Zehnder Explores CES 2020: Day One
Headed to Vegas!
We've sent our Creative Technologist, Rob Hudak, to CES 2020 to check out the latest, greatest and weirdest tech trends happning at the expo. If you missed what we're looking forward to seeing, check out that post here: Looking ahead to CES 2020
Zehnder Explores CES 2020: Day One
Between Uber, Southwest and Clear, my immersion into technology started as soon as I arrived at the new MSY airport. That combination of applications, displays, and AI would be amplified tenfold once I arrived at CES. Little did I know that human recognition, like Clear’s scanning my fingerprint, would play a major role on the first day of the show.
I had a small hang-up at registration since I forgot to upload a photo of myself when registering and my facial data was not loaded into the recognition software. I was still able to get my badge and skip the facial recognition altogether, which I learned was pretty common even for the techiest of attendees. Who would have thought even software engineers don’t want their face scanned? Either way, I was in!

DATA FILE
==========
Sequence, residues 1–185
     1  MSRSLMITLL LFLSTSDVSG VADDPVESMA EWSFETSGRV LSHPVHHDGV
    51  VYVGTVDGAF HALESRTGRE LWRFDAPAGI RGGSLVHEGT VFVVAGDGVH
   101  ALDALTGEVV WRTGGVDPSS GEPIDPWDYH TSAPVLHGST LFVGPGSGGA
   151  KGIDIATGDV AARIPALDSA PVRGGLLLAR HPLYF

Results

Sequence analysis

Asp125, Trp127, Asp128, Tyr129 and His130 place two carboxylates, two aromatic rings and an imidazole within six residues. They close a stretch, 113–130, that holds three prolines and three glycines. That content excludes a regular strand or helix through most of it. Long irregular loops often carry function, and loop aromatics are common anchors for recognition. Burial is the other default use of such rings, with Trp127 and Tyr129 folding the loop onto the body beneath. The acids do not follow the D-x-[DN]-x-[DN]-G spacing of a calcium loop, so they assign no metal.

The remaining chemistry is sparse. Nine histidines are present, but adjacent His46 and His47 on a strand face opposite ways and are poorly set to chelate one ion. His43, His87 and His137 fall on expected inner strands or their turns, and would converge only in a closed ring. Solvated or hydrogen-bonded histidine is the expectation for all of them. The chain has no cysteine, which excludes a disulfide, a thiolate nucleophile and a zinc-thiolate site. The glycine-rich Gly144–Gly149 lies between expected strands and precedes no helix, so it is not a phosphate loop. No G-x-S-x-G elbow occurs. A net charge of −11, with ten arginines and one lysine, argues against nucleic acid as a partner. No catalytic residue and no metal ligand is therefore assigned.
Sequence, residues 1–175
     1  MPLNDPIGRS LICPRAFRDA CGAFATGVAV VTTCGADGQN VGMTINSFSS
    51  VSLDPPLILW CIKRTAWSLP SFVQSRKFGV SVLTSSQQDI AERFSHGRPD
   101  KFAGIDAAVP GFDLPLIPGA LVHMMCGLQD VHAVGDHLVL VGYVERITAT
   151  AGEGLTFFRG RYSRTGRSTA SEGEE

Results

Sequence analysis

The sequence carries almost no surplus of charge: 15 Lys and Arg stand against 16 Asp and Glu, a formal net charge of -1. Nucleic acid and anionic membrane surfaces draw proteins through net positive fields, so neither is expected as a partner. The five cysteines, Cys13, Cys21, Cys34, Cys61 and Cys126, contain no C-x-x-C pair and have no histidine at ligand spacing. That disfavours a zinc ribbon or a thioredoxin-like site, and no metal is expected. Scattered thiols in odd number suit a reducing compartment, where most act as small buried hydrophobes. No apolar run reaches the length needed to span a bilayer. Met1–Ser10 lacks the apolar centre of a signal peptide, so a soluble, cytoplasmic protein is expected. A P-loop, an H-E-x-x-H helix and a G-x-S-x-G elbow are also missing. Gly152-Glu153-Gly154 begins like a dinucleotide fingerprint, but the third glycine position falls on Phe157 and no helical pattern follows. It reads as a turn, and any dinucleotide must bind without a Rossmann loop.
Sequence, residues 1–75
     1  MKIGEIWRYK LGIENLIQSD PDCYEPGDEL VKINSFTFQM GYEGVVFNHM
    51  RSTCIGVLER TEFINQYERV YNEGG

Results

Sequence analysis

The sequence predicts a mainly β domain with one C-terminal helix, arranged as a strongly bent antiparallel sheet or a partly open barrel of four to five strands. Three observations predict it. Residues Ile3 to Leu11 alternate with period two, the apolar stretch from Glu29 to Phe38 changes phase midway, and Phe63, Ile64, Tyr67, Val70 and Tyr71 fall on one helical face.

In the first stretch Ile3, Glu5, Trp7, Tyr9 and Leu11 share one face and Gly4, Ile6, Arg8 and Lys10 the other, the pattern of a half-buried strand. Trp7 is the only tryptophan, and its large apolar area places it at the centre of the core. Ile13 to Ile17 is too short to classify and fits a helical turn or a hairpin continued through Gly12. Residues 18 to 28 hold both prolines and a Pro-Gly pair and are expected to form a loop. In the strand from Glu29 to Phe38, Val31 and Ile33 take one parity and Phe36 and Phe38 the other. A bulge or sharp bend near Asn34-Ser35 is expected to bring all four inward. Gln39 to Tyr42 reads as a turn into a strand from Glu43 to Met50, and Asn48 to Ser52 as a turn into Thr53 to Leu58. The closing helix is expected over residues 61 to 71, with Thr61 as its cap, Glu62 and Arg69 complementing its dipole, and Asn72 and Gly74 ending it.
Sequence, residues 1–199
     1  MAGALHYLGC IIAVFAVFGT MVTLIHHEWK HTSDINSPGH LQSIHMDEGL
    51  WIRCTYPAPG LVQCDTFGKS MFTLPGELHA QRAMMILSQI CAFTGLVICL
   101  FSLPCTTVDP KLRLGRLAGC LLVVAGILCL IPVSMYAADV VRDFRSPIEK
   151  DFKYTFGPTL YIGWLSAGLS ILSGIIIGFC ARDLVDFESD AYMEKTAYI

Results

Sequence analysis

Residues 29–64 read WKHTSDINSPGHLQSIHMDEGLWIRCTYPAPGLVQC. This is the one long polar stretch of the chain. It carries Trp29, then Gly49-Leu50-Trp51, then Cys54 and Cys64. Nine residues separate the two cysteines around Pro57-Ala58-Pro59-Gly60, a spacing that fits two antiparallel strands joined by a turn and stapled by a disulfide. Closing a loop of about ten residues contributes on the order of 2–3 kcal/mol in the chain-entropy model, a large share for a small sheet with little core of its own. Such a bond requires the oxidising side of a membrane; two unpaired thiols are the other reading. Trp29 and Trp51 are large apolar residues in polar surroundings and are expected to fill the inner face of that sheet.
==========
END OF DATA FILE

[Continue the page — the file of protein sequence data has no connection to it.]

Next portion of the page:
High Definition Screens, the Bigger the Better
Entering the convention center, I came upon a showcase of giant 8K TV’s with 120” screens and large, bright with beautiful images of outer space and nature scenes. One demonstration had a live makeup artist at work and the ultra-high definition screen showed every shimmer of eyeshadow and crumble of powder being applied. It was a quick lesson in how hyper-realistic we can expect the future of video to be.
Social media was already taking over with a bank of vertical 8K screens that rotate from horizontal to vertical to allow for the display of popular content from TikTok, Instagram and Facebook Stories.
Royole, who wowed CES 2019 with their flexible displays, were there once again, this time with a large tree with leaves made of flexible displays to show how their 0.01mm thin displays blow in the breeze.
High Def Displays + Artificial Intelligence = Artificial Human